Indiana Jones and the Raiders of the Lost Ark
How “Good vs. Evil” Defined The Indiana Jones Film Series
Looking back, it’s hard to believe that all but one movie studio turned down the opportunity to produce what is considered one of the best action films ever produced: Indiana Jones and the Raiders of the Lost Ark. On vacation in Hawaii following the colossal success of 1977’s Star Wars (later retitled Star Wars Episode IV: A New Hope), George Lucas brought up the idea he had conjured up in 1973 for the Indiana Jones films to longtime friend and collaborator Steven Spielberg. Lucas envisioned the films as modernized versions of the film serials from the 1930’s and 1940’s and wanted the character to be “better than James Bond.” Shortly thereafter, Lucas started to develop both a sequel to Star Wars – later called The Empire Strikes Back – and with the help of Spielberg and friend Lawrence Kasdan, the character of Indiana Jones and the first movie in which he would be featured, Raiders of the Lost Ark. Now, Harrison Ford’s Indiana Jones is considered an icon and the first three films he was featured in – Raiders of the Lost Ark, The Temple of Doom, and The Last Crusade – are considered classics not only because of great writing, action, and all-around quality filmmaking, but because of the simple yet engaging and relatable theme of good vs. evil.
In every Indiana Jones movie, Indy as he affectionately called is the main protagonist that belongs on the “good” side. He is always accompanied by one or more sidekicks that are secondary protagonists are on the “good” side. In Raiders, Indy is accompanied by Marion Ravenwood and races against time to stop archrival Belloq and the Nazi’s from finding and taking control of the Ark of the Covenant, a long-lost treasure from long ago with immense power. What’s interesting about Raiders is the familiarity Indy has with the main bad guy, Belloq. Unlike other villains (the sources of evil) in the series, Belloq knows Indy intimately and makes for a tougher antagonist, simultaneously giving Indy more depth and raising the stakes of the story. It’s clear from history and from this and other films that the Nazi’s are bad and evil people – they are the embodiment of evil; it’s clear from the film that Belloq is a dastardly and evil guy. It’s really simple, but incredibly effective because it transports audiences into Indy’s world much more quickly by making the film easier to follow and enriches the action that is on the screen. Put plainly, Nazi’s are bad and Indy is good.
In Temple of Doom, Indy is accompanied by wise-cracking Short Round and singer Willie (played by Spielberg’s soon-to-be wife, Kate Capshaw) and battles a group led by Mola Ram known as the Thugee. Through intimidation and mind-control, Mola Ram and the Thugee aim to find and then use the five Sankara Stones to bring about the reign of Kali, the goddess of death. Like Raiders, the good vs. evil theme is exceptionally clear and simple and used brilliantly. Audiences are meant to root for Indy, Short Round, and Willie and are meant to root against Mola Ram and the Thugees. As it did in Raiders, good triumphs over evil and the world is again saved by Indy and co. This evokes the feel of those film serials from the ‘30’s and ‘40’s Lucas wanted to evoke when creating the character and films. The theme also provides for rich symbolism and tremendous action scenes (see: The Bridge Fight between Indy and Mola Ram towards the end of the film).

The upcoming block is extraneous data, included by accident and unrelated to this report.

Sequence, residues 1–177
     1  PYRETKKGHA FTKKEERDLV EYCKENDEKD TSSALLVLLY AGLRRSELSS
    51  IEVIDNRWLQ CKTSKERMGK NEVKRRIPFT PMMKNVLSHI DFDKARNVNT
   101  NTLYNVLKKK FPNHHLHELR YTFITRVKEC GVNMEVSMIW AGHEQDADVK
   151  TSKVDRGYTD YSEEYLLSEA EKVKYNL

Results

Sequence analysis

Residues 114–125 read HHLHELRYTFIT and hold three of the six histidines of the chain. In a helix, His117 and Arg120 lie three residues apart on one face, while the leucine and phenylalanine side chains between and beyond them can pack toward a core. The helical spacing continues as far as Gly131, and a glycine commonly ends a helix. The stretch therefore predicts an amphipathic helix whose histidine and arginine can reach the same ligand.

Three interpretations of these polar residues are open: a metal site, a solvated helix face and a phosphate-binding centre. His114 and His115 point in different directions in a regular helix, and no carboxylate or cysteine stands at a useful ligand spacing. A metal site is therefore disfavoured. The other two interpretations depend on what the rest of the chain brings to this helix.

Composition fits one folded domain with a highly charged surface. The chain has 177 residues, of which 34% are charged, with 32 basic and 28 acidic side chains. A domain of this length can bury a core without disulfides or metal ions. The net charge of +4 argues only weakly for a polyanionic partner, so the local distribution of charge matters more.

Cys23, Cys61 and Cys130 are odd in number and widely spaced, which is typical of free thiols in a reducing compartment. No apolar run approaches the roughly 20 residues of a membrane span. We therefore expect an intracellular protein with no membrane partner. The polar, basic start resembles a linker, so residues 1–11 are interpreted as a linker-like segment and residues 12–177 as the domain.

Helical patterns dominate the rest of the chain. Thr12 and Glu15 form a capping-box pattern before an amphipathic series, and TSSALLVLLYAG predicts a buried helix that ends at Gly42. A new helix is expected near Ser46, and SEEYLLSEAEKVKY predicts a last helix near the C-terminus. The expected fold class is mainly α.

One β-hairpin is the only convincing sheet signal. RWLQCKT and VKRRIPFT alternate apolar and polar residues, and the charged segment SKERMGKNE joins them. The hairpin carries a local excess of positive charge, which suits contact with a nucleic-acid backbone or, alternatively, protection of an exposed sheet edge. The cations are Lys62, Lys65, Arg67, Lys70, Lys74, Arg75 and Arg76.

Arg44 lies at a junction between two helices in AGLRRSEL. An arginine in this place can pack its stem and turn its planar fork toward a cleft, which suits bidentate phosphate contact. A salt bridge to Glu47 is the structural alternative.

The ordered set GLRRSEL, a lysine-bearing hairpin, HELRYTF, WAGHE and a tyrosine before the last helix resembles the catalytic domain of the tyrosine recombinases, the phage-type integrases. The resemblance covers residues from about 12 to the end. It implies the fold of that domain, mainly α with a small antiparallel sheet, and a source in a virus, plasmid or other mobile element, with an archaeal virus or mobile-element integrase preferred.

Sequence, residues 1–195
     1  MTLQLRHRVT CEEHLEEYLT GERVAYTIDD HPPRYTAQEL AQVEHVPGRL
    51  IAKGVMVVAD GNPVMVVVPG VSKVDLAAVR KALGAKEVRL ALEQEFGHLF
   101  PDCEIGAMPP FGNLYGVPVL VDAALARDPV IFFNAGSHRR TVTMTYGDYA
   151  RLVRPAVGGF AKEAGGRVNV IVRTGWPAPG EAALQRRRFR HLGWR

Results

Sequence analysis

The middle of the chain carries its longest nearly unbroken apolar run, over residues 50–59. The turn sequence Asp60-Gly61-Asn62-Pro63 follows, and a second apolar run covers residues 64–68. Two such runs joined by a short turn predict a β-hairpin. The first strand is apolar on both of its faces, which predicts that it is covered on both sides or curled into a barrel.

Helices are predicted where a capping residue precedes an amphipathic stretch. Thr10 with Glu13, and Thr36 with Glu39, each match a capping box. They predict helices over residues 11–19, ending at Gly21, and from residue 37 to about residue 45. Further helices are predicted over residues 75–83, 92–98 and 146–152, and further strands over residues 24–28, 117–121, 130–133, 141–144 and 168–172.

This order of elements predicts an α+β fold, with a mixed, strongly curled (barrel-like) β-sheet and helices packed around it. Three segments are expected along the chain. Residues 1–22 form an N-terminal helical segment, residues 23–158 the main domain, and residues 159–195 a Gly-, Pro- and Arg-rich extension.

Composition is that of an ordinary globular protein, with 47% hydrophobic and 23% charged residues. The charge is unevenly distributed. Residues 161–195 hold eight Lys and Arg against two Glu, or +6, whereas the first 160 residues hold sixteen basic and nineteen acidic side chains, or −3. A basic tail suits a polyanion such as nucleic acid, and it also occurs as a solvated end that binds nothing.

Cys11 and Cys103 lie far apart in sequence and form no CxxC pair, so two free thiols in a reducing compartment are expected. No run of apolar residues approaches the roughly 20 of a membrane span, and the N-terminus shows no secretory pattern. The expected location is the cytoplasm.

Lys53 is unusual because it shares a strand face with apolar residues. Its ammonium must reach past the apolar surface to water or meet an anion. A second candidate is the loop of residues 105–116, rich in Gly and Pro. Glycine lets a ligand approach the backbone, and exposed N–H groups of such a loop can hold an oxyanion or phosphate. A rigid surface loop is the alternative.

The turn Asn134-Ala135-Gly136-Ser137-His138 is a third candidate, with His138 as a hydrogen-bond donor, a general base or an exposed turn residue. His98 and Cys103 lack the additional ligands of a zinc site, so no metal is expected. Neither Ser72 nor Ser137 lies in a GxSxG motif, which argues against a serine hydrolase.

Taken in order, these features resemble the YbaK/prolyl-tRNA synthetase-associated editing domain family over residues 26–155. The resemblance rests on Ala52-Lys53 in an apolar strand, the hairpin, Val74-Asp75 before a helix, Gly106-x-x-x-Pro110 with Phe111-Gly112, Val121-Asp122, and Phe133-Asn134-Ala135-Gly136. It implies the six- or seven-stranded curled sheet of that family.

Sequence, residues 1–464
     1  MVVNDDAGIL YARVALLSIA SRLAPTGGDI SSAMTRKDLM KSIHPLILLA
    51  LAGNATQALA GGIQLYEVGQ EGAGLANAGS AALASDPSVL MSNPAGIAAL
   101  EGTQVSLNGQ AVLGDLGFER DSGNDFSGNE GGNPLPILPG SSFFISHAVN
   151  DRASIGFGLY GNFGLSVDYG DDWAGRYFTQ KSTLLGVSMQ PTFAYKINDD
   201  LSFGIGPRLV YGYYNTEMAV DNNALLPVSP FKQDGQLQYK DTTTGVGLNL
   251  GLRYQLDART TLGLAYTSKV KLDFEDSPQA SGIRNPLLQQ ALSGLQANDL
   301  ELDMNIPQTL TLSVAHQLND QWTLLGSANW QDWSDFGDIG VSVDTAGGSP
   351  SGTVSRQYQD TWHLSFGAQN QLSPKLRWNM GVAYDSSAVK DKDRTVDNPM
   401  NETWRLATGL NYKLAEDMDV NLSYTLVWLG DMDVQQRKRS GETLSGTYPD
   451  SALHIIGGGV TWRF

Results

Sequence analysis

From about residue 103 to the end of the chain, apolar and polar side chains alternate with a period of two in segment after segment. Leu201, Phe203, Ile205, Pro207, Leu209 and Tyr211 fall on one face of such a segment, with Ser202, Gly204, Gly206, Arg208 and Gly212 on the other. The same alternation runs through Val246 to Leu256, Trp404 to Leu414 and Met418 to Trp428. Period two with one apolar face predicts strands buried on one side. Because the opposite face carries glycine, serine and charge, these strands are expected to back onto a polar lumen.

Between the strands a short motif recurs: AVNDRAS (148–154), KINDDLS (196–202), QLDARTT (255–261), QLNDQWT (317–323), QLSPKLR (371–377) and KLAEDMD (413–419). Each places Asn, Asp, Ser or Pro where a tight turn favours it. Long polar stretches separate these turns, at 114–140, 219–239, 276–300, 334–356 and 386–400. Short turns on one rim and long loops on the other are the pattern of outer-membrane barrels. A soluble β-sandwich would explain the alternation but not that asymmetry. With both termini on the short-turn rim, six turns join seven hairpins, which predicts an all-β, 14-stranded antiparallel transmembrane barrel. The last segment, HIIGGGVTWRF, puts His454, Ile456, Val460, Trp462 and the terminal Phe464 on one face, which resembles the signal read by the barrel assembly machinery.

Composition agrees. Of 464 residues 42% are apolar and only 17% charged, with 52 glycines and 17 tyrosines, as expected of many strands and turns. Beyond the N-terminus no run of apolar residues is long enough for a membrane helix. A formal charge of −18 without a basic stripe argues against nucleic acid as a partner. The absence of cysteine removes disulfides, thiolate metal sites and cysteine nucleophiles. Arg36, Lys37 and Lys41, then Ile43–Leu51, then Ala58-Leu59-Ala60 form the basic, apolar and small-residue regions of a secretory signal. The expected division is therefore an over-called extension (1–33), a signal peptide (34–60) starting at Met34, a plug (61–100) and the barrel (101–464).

In Last Crusade, Indy is accompanied by his father (played by Sean Connery) and does battle against the Nazi’s and their associates (specifically Elsa; to a lesser extent Donovan). Indy and his father have to obtain the Holy Grail before the Nazi’s and Elsa do. Letting it fall into the hands of the Nazi’s, a group that craves power and domination, would spell the end of modern civilization. Audiences know from history and this film about the Nazi’s and the atrocities they committed; only Indy and his father can stop such a horrible thing from happening. The film clearly sets up that audiences are meant to root for Indy and his father and are meant to root against the Nazi’s, Elsa, and Donovan. What makes the villains (who represent evil) work in the this film – and the other Indy films that came before it – is that they are the direct opposite of Indy. The Nazi’s are the embodiment of evil: ruthless, unforgiving, cruel, violent, uncaring, and unthinking. At the end of the day, though, the film is making the argument that the ends never justify the means. If somebody uses evil to get what they want, they are evil themselves.
Interestingly, in the least successful film of the series, 2008’s Indiana Jones and the Kingdom of the Crystal Skull, the good vs. evil theme is still present, but much like the plot of the film, very muddled up and convoluted. The baddies in this film are the evil Russian Communists led by the primary antagonist of the film Dr. Irina Spalko, as well as Antonin Dovchenko, the double and triple-crossing Mac, the always-lurking FBI, and strange aliens and other magical and mystical forces. In previous Indy films, there were only one or two antagonists. In this iteration, there are a number of evildoers. Not only does this confuse audience members, it makes a very simple and powerful theme less powerful, less cinematic, and less meaningful. At the end of the film, the audience doesn’t know if good really triumphed over evil (as it invariably did in previous films). Some of the villains really aren’t really all that dissimilar to Indy and don’t have dastardly intentions.